Could Noises Off at Phoenix Theatre Be Better Than It Seems?
|Christopher Williams and Cathy Dresbach are part of a farce to be reckoned with in Noises Off.|
Now and then, I look at something that's wildly popular and say to myself, "If I'm not wholeheartedly enjoying myself, I'm probably having an off night." That's my position on this show. I recommend it with confidence, and that's only partly because many, many people whose opinions I value have had a roaring good time seeing it and I can see where they're coming from. (I do trust my instincts enough that I'll also share with you where I found the production lacking, back on opening night.)
Read a full review after the jump ...
Noises Off is more a play outside a play than a play within a play -- it's the story of what befalls a British theater troupe as they present an absolutely perfectly typically bad sex farce called Nothing On.
Complicating matters a bit for some of us in the audience is the fact that Michael Frayn has, by his own admission, rewritten the script at least seven times, and at least once since the other two times I've seen it.
And the chronology of the three acts, which dictates how much of the 10-week tour of Nothing On we get to see, is quite different now, as is the ending. This all pretty much matters only if you've seen the play before. But a lot of people have, and I'm sure it's easier for them to enjoy it if they realize that when it starts to feel as though you're losing your mind, it isn't you. It's almost as though Frayn invited us to sit through the workshop process. Thanks, dude.
|Photo by Ashley Naftule|
None of the above is Phoenix Theatre's fault -- it's the hand the playwright has dealt. One of this production's stars is Robert Andrew Kovach's two-story, two-sided, rotating set (pictured above), a set that depicts a stage set but also has to function as one, safe, sturdy, and functional on both sides, gorgeous, realistic, and a thrill to observe in action. In fact, the entire second act is what happens behind the scenes during Nothing On.
Casting/acting/directing failed me just a little with respect to the "outer" play -- the one that's about the theater company itself. I don't think Actors Theatre's Matthew Wiener, an excellent director, could have picked a better cast. Most are rightly acclaimed Valley stage veterans, and the few with whom I wasn't previously familiar do amazing work. Christopher Williams and Leann Dearing portray two types of actor who couldn't be more different but are equally annoying to work with (well, you know, if they were real).
What was lacking, for the most part, was a sense of relationships among human beings. Cathy Dresbach's character, Dotty, spends the whole show costumed as the frumpily comic housekeeper she plays in Nothing On, but Dotty herself captures the attentions of two younger men and inspires violent jealousy. It's simply hard to see, here, how that could happen. I'm afraid it's been awhile since Dresbach's played a part that called on her inner cougar. And that's just a shame in general.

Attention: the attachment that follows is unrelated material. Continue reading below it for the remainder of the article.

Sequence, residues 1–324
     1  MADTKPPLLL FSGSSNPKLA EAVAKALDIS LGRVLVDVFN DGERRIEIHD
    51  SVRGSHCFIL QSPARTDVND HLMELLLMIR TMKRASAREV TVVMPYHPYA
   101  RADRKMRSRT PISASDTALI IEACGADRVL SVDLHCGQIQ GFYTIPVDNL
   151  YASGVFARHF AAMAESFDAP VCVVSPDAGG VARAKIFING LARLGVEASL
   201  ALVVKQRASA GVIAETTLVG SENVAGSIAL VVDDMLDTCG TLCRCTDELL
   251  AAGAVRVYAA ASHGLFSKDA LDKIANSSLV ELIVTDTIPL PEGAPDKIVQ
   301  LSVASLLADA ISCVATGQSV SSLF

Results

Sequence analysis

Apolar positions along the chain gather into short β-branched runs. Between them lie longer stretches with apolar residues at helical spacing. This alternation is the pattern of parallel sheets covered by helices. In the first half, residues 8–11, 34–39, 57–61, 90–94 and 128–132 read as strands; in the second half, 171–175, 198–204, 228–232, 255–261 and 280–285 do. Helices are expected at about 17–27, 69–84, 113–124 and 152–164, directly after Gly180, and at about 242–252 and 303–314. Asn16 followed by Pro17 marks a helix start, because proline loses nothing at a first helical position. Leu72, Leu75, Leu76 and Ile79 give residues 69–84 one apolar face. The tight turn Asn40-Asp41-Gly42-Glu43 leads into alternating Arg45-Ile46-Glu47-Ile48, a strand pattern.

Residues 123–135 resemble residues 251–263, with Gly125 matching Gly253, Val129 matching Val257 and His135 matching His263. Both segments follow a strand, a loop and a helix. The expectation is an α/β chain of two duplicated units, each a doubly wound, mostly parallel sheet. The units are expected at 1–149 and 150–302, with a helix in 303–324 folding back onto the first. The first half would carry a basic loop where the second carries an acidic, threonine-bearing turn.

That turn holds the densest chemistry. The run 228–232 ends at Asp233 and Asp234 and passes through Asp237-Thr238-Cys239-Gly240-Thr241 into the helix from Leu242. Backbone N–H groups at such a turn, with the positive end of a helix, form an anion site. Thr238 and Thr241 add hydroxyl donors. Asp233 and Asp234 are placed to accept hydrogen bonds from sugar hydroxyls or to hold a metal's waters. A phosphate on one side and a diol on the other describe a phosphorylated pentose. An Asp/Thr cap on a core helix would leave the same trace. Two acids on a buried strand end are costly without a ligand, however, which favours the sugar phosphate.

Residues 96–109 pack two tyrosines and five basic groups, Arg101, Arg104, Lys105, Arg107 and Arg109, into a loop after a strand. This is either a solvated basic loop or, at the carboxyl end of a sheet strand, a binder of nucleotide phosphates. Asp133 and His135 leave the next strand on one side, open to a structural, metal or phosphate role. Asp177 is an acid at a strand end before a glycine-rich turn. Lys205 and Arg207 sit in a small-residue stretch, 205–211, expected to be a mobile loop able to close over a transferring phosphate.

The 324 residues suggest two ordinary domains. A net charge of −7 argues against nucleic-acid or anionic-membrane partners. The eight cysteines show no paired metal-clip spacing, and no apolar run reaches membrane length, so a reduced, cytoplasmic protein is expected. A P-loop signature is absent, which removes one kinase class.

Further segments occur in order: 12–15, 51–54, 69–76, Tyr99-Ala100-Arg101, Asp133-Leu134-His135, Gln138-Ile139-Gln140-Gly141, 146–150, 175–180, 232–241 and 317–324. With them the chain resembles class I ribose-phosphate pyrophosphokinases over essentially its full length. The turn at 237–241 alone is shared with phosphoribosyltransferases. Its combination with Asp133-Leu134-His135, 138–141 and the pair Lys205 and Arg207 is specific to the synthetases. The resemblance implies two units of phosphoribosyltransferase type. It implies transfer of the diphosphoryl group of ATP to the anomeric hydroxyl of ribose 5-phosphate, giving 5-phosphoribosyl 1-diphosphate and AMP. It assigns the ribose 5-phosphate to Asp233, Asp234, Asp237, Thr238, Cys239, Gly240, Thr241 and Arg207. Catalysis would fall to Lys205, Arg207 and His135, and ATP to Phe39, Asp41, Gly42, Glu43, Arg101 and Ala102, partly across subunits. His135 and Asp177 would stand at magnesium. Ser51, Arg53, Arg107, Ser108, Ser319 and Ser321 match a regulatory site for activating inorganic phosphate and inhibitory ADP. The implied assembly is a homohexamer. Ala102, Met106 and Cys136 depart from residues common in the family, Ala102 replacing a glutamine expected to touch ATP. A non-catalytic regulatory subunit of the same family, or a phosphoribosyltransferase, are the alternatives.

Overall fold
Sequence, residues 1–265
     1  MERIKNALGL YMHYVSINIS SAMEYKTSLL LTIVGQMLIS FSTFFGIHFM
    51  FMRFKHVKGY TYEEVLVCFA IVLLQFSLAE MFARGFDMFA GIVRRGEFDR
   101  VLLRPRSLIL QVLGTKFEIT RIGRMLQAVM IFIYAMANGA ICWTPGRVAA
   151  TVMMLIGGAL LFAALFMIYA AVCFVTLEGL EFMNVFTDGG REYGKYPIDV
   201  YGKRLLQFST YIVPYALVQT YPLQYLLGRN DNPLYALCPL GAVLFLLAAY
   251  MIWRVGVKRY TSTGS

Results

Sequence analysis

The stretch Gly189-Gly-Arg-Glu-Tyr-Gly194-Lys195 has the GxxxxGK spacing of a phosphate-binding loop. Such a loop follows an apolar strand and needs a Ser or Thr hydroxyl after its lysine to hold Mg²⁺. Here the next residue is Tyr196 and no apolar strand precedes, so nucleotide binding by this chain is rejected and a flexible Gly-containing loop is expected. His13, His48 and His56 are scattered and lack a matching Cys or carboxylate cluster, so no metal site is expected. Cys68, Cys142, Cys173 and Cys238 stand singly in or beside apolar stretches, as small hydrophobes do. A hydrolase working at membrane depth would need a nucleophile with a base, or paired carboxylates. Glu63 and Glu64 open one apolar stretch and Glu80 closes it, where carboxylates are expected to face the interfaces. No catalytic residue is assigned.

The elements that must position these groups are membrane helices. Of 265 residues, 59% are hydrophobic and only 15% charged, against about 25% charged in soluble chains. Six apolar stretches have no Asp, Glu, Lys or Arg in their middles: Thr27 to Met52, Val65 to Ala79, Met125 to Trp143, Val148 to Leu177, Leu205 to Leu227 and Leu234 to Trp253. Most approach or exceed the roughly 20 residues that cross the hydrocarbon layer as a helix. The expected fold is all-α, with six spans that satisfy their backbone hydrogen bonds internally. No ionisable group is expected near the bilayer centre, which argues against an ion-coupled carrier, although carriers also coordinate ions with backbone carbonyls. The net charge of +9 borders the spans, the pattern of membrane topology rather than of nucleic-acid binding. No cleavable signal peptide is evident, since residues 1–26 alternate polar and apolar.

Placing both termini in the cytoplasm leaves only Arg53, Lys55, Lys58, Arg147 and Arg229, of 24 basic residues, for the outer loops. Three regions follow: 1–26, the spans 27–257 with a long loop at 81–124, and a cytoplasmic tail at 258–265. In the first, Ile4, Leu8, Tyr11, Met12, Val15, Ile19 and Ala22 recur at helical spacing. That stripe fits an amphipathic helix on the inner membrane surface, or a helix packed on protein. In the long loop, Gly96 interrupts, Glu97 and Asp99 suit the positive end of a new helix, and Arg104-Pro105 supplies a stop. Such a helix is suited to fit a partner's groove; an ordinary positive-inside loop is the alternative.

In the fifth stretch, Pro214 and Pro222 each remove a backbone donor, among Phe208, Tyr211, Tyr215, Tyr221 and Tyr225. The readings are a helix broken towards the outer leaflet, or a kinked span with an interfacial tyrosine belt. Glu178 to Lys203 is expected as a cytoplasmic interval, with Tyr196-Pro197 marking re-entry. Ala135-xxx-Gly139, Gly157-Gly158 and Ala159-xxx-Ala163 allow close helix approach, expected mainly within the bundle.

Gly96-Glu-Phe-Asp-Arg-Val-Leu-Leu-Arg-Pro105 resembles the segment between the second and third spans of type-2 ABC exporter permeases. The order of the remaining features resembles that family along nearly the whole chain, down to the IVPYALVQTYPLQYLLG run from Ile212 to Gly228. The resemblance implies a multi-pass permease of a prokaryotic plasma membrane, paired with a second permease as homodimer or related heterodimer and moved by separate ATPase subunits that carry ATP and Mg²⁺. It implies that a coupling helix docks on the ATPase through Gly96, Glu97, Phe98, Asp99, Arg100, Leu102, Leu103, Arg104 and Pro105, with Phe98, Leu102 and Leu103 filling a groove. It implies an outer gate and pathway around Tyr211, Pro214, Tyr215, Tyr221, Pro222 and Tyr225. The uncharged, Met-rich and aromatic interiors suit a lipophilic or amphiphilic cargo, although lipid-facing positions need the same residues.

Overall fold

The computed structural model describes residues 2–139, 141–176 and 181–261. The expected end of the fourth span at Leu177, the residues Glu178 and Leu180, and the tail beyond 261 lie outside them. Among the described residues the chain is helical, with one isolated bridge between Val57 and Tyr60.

Overall, the performers who don't also have a part in Nothing On tend to be more believable, which is understandable given how much sheer physical work and superhuman memorization is involved in the whole show.
Most of Noises Off's humor is expertly timed slapstick, and the setup is as breathtaking and admirable as the execution. Yes, you will laugh yourself sick, and at the same time you'll be floored by virtuoso turns everywhere you look, including Maren Mclean's three-dimensional tour de force in the typically thankless role of Belinda, the sweet, diplomatic colleague who (mostly) wants to smooth everything over and keep things grounded.
Noises Off continues in an extended run at Phoenix Theatre, 100 East McDowell Road, through Sunday, September 19, giving you an opportunity to score some of the super-good seats often snapped up by season ticketholders. Buy them here or call 602-254-2151.
Crip Tip of the Week:
The ramp into the University of Arizona College of Medicine's Virginia G. Piper Auditorium, 600 East Van Buren Street (a.k.a. the old Phoenix Union High School auditorium, which is neither the Virginia G. Piper Theater at Scottsdale Center for the Arts, the Virginia G. Piper Repertory Theater at Mesa Arts Center, nor the Virginia G. Piper Center for Creative Writing at ASU Tempe), is on the building's northeast corner. If the front of the lobby is 6 o'clock, the ramp is basically at 2.
Although you'll walk, lurch, or roll right past it on the way in from where you most likely parked (if you or your companion drove), it's very easy to miss, especially at dusk. It's the sort of entrance you'll see signs directing you to after you've already gone several yards past it.
Once you're inside, an elevator makes the auditorium, restrooms, and most of the lobby easily accessible. The venue has comfy rolling chairs, a smooth, flat floor, and great acoustics. Have fun!